The Truth About Victim Mentality

Don't be a victim

by Annette Young

We probably all know people who play the victim so well. Yet, these individuals may be unaware that they are doing so. 

Consider this – it  may even be you.

So how does victim mentality actually start. Many of our behaviours are learned organically from our parents, our peers or, from other authority figures, but this is not necessarily the source unless you have witnessed someone close to you playing the blame game. Often, individuals begin to regard themselves as victims of life due to the behaviours of those around them even if there is no evidence to support this. Of course, sometimes, we all suffer as a result of another person’s negative behaviour but that doesn’t automatically create victim mentality where habitual thought processes become the norm.

Many blame their misfortune on others. They didn’t get the job, they didn’t have a pay rise, they lost out in love etc. These are all everyday scenarios but the victim is likely to blame these losses on the successful individual being luckier than them. They won’t necessarily consider that in order to achieve they should try harder or work smarter. After all, every day, there is the potential to achieve success or to fail in life.

Sometimes we lose out due to the misdeeds of others and this is known as victimism.  

You may notice those close to you playing this role. Perhaps they exude a sense of cuteness or, it’s a practiced role that they perform well. At the core of this behaviour,  there is intent – whether a conscious decision or a subconscious behaviour.

There are lots of signs to look out for:

  • Displaying heightened attention levels when with others
  • Believing that others are always luckier, happier or more successful
  • Attaching negative intentions in relation to others
  • Unwilling to take responsibility for their own actions
  • Gaining pleasure through feeling sorry for themselves
  • Gaining sympathy through relaying somewhat exaggerated stories about their situation or the misdeeds of others.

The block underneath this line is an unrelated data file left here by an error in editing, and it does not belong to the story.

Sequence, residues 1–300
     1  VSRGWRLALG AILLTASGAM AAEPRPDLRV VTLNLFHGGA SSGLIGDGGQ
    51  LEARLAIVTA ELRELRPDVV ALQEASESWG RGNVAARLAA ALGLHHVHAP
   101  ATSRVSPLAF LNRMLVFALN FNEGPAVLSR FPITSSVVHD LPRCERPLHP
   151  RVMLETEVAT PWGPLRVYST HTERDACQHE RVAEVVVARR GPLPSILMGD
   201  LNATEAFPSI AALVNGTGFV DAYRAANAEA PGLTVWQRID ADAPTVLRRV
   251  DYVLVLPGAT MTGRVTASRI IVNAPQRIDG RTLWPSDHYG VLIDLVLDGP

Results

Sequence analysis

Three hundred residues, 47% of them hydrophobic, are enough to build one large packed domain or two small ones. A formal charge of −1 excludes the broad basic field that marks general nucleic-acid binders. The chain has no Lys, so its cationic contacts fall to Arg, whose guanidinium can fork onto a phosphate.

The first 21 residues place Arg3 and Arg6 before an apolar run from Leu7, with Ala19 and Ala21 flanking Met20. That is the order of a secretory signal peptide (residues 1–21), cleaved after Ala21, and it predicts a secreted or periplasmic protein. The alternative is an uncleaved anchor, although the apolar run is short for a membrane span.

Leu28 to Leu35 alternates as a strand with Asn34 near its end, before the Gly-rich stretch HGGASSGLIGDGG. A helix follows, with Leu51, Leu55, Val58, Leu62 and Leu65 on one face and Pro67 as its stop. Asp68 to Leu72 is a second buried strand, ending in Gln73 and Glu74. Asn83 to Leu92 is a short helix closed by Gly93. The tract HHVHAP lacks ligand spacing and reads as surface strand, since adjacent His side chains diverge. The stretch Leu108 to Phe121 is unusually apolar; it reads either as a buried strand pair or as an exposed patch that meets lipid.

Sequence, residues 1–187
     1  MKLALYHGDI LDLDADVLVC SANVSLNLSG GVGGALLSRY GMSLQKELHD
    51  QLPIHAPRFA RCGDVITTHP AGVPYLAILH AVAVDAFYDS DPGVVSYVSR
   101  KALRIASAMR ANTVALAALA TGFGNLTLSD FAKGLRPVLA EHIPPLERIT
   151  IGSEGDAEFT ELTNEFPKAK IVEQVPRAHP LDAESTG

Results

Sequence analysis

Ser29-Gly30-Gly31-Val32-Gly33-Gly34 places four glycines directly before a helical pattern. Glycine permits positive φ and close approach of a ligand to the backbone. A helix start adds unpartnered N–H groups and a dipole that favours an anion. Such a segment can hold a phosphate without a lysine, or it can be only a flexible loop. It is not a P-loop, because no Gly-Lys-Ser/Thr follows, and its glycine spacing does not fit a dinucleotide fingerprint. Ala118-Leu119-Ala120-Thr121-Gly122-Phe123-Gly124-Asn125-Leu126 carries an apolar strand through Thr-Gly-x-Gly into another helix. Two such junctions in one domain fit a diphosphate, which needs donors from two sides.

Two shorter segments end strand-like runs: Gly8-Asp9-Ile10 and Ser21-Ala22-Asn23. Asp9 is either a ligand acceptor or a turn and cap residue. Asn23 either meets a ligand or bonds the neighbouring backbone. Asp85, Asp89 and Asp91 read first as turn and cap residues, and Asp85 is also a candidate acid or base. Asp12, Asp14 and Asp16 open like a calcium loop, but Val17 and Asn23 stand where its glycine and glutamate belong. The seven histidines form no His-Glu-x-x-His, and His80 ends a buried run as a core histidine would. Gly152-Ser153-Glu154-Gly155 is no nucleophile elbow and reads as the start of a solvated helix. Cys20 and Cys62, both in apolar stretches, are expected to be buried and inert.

Playing the victim leads anywhere but to success. If you find yourself slipping into victim mode, it doesn’t mean you are a bad person, it’s a coping mechanism in the main. It enables you to accept failings before they even occur. Change is important – so, determine to monitor your thoughts, feelings and behaviours. No-one needs to stand behind the actions of others, it’s far more important to take ownership of your own actions than to blame those around you, even if on some occasions, it’s true.

Wouldn’t you rather be master of your own destiny rather than leaving the fate of your successes in the hands of others? Of course. Playing the victim and never taking the control of any real situation is a negative behaviour but one that can be changed. Self-help in respect of victim mentality works, it’s a case of changing negative thoughts so that you have a more positive outlook. It’s about accepting failures through your own doings rather than blaming others. It’s about taking ownership of your life and forging your own way in life, standing by your choices. Victim mentality is self-defeating, if you struggle to escape the clutches of this behaviour, seek out a professional counsellor or, try CBT (Cognitive Behavioural Therapy).

Awareness is a wonderful starting point.

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